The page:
Ambassadors rush to Thimphu

Harder Sidhu opens visa office
Harder Sidhu opens visa office. Photo: BBS

This week, diplomats from three major Bhutanese refugee resettling countries travelled to Bhutan to talk with government leaders and the kings.

Bhutan government and the visiting diplomats have kept their lips tight but these visits are likely to have discussed the resettlement of Bhutanese refugees that is coming to an end.

Australian envoy to India Harinder Sidhu and US envoy to India Richard Rahul Verma, both of Indian origin, who are responsible for Bhutan affairs as well, along with British Consul for Bhutan Michael Rutland travelled to Thimphu.

The diplomats while talking to media in Thimphu mentioned about easy visa processing for Bhutanese to travel overseas and monitoring of the bilateral projects. However, they remain silent what they discussed with Prime Minister Tshering Tobgay, King Jigme Khesar and King Father Jigme Singye.

These major players in the Core Countries Resettling Bhutanese Refugees have in past repeatedly said the resettlement process would come to an end by 2017. Future of over 8,000 Bhutanese who have not agreed for resettlement is not yet decided.

The primary objective of these diplomats to travel this week to Thimphu was to discuss options with Bhutan about the future of these people.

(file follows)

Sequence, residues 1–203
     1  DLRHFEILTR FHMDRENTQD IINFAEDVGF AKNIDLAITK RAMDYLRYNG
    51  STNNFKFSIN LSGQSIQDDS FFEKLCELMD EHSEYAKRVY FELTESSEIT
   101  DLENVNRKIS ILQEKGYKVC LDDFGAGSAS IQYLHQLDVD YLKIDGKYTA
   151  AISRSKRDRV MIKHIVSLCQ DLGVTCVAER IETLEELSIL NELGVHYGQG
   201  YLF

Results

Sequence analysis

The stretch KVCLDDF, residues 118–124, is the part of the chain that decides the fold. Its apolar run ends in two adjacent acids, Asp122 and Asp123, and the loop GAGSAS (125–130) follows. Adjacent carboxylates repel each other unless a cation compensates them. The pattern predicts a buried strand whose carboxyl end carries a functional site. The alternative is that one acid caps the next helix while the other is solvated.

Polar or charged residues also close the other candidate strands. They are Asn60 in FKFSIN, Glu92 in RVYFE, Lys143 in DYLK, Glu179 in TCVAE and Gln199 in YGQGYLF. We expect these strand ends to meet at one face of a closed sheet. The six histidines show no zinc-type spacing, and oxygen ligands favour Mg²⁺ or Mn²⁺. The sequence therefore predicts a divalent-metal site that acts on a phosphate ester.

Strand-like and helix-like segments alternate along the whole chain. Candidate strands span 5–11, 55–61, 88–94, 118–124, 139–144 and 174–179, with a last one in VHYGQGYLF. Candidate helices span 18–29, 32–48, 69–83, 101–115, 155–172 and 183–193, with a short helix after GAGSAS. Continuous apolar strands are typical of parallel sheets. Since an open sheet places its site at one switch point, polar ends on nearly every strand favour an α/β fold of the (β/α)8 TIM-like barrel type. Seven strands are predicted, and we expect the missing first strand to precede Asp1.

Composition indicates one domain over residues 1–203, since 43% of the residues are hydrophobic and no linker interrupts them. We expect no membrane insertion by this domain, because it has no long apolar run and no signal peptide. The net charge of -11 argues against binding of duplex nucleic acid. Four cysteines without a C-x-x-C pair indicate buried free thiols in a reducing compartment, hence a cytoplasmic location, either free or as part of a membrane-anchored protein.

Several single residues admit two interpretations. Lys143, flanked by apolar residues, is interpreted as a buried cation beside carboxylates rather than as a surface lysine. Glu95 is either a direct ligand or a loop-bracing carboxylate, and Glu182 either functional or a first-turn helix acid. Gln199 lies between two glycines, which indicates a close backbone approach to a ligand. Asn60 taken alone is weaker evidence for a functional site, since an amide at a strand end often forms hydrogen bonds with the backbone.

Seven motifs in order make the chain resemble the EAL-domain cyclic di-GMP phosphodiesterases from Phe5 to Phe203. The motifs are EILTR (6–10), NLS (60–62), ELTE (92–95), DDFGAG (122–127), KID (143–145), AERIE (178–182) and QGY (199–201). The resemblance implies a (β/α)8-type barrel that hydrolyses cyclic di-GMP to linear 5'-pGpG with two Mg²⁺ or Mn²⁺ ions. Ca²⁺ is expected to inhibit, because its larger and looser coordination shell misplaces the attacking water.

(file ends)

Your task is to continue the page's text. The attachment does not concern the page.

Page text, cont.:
Australia and UK diplomats also took opportunity to open visa application center in Thimphu making it easy for Bhutanese to apply.

Earlier Bhutanese travelled to New Delhi to apply for a visa for either country as other requirements such as biometric information is required, costing them over Nu 60,000.

Now with the center, a Bhutanese will get an Australian visa for Nu 34,380 of which Nu 27,100 is the visa charge and Nu 7,280 for biometrics, logistics and courier charges.

For the UK, the charges range from Nu 3,150 to 17,010 depending on the duration of stay. If the purpose is for settlement it would cost more than Nu 200,000.

The centre also deals with Schengen visas for Germany, Austria, Switzerland, Denmark and Sweden.

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